‘Snoo is not a bed per se – it’s a caregiver, an extra pair of hands,’ says Dr Harvey Karp, its paediatrician inventor. ‘The number-one stressor that new parents talk about is exhaustion from lack of sleep,’ he expands. ‘And lack of sleep is not trivial. It leads to postnatal depression, marital issues, obesity, child abuse, absence at work, lack of productivity, car accidents – all sorts of problems.’ Indeed, a London School of Economics study shows that the cost of postnatal depression in the UK alone is around £8bn a year.

The background

Karp published a book, Happiest Baby on the Block, in 2002. Based on recreating a womb-like environment to help babies through the fourth, postpartum trimester, it sparked a cult following. ‘It was helping people a lot in the day, but still not enough at night,’ says Karp. He saw the need for a revolutionary baby sleep solution. An additional concern was cot death. In the US, almost 4,000 babies die every year due to cot death; in the UK, it’s around 300. ‘I thought, why aren’t we doing more?’

Prompted by a colleague, Karp sketched his first thoughts for a vibrating bed on the back of a napkin. His ‘simple’ idea took five years to perfect, testing with MIT-trained engineers and working with designer Yves Béhar. ‘As a father of four children, I am extremely familiar with the repercussions that come with having a newborn; the lack of sleep affects your ability to parent and is a huge factor in postpartum depression with medical and relational implications,’ says Béhar. The designer, who aimed to replicate and robotise Karp’s baby-soothing strategy using technology and AI, explains, ‘It was clear we needed to first develop the mechanics, assembly and tech in a way that beautifully integrates in the home.’ Characteristically of Béhar, the design is pared back and leads with purpose. 

Snoo Smart Sleeper
The Snoo on @happiest_baby

Using sensors, the Snoo creates a comforting, fourth trimester environment, soothing babies back to sleep by mimicking the sounds and motions of the womb, while ensuring babies sleep safely on their backs. Karp theorises that human babies are born a trimester too early, often leading them to cry inexhaustibly. Unlike our mammal counterparts (think baby zebras and chimps) that can run from danger or safely grab hold of mum from day one, our evolved – and comparatively large – brains mean we need to be born earlier to fit the birth canal. ‘The sound in a womb is louder than a vacuum cleaner, the motion is constant,’ says Karp. The bassinet comes with an app that allows parents to track their baby’s sleep and customise the settings.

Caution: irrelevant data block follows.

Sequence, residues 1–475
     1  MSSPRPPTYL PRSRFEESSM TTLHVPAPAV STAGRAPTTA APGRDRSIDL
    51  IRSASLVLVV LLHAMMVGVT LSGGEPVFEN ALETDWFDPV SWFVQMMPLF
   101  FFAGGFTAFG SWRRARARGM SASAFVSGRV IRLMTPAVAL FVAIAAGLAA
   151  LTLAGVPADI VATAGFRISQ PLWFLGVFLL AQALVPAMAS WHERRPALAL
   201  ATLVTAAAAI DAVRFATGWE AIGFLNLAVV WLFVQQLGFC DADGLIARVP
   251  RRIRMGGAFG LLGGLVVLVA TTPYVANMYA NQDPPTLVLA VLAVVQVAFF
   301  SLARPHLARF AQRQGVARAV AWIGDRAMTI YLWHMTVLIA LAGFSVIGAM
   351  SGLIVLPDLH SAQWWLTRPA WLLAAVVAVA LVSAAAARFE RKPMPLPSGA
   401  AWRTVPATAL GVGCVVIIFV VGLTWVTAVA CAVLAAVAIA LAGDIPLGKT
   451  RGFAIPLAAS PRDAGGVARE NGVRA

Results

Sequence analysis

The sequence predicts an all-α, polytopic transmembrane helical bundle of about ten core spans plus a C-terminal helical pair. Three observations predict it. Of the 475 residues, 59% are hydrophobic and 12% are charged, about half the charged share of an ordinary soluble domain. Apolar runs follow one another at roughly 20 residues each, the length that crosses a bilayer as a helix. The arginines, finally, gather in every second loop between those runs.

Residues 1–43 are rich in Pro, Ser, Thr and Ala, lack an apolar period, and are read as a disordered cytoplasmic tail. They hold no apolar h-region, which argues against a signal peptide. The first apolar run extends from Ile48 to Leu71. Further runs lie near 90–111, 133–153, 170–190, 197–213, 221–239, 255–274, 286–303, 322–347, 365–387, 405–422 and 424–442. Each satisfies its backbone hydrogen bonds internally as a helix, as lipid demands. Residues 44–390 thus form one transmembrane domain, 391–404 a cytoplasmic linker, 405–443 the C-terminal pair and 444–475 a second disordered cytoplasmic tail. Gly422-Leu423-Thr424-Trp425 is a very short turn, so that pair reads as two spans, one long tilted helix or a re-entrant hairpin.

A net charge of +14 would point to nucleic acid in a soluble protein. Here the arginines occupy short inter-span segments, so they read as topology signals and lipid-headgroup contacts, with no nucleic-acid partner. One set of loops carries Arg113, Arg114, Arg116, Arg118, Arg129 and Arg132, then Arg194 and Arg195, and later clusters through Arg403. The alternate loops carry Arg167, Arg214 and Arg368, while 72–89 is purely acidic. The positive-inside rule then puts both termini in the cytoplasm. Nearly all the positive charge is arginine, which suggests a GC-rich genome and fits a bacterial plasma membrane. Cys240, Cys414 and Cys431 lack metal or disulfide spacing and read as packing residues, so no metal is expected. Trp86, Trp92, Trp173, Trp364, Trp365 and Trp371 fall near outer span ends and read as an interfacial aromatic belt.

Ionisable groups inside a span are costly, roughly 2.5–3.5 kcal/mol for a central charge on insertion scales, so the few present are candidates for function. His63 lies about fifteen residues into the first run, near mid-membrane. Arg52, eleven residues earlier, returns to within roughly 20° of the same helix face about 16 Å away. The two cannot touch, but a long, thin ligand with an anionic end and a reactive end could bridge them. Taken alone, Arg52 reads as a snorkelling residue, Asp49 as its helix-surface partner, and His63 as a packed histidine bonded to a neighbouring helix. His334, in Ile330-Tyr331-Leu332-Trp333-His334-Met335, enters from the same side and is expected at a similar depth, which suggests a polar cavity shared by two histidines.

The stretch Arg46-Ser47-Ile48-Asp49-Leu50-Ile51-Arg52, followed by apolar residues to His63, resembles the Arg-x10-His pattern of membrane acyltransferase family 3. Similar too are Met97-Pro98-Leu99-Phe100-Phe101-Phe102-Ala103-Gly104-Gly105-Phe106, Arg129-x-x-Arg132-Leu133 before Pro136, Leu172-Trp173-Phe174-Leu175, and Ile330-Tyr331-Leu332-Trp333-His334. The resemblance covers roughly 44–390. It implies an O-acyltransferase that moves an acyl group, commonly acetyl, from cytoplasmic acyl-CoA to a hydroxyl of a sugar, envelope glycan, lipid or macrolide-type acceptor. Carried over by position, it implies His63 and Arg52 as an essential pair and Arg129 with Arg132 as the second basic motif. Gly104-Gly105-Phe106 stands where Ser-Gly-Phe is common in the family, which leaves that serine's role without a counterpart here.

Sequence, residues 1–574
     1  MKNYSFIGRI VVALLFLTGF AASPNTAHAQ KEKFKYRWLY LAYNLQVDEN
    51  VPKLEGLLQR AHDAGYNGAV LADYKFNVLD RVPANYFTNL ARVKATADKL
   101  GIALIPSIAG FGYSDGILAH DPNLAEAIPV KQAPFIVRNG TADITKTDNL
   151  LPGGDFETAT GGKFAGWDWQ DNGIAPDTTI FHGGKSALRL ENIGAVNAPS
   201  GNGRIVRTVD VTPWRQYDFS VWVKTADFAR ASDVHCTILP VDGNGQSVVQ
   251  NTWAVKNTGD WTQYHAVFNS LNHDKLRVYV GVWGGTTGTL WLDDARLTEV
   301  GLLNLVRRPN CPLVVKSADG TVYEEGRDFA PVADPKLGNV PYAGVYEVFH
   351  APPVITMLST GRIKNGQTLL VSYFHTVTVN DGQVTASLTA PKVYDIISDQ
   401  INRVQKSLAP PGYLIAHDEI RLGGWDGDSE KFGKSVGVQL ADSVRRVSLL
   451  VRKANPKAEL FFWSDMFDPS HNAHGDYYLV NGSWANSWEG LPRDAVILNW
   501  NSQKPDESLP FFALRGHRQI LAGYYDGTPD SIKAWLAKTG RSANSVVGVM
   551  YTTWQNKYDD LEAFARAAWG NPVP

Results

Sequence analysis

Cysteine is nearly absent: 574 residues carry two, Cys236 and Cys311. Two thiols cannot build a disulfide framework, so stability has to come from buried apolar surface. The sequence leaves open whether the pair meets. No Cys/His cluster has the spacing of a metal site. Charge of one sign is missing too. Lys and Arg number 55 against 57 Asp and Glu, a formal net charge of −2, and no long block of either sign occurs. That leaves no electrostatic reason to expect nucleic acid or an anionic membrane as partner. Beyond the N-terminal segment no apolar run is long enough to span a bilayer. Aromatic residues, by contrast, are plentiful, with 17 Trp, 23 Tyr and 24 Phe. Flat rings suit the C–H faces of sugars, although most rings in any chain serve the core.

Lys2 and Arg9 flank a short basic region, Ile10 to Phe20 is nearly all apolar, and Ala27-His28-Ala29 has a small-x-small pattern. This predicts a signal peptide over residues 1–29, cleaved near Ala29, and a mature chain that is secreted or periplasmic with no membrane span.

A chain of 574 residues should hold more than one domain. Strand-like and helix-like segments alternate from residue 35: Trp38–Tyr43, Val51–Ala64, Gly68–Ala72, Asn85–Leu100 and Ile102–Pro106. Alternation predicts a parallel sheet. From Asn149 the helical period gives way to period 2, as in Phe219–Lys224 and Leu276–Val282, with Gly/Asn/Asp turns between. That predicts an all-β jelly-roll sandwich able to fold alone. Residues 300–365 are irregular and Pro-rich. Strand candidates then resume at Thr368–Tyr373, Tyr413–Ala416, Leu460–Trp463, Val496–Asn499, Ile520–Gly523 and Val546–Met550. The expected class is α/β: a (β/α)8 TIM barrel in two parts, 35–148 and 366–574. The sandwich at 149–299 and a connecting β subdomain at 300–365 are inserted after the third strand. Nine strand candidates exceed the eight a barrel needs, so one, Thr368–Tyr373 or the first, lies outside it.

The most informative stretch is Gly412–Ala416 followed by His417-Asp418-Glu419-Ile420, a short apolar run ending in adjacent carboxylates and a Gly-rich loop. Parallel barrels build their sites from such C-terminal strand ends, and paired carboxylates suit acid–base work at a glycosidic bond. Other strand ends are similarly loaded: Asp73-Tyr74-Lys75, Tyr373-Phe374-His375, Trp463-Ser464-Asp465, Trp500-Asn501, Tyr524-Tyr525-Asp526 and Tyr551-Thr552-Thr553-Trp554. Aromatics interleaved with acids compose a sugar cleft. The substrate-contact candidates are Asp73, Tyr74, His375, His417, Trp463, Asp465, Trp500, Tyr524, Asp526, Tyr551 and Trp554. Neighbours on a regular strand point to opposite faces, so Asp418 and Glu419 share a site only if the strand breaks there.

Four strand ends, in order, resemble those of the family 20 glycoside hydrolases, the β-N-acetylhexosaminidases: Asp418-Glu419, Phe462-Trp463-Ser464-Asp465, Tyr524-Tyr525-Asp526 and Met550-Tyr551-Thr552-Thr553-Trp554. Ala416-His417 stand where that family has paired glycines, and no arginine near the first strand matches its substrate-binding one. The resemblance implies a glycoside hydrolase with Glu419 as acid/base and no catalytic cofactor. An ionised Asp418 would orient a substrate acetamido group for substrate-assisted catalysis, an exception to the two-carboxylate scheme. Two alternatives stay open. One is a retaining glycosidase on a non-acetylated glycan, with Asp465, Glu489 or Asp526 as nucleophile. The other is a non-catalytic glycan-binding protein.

The results

But does it work? ‘We have now studied over 42,000 babies, by far the largest study ever done on infant sleep, showing that we add immediately one to two hours to a baby’s sleep,’ says Karp. The Snoo is used by 75 US hospitals in NICU wards. ‘In addition,’ adds Béhar, ‘we just heard that the FDA has accepted the Snoo in its breakthrough device programme as a SIDS (Sudden Infant Death Syndrome) prevention device.’ 

The bassinet’s design credentials have seen it feature in museum shows, including at SFMoMA, the Smithsonian, the V&A and the London Design Museum. Karp’s mission is to make this support device democratically available. It is available to rent for six-month periods, cutting down on discarded, outgrown devices. Plus, in the US 60 large corporations give free Snoo rentals, and certain UK employers give it as a gift ‘because it’s a good investment in their staff’, says Karp triumphantly. §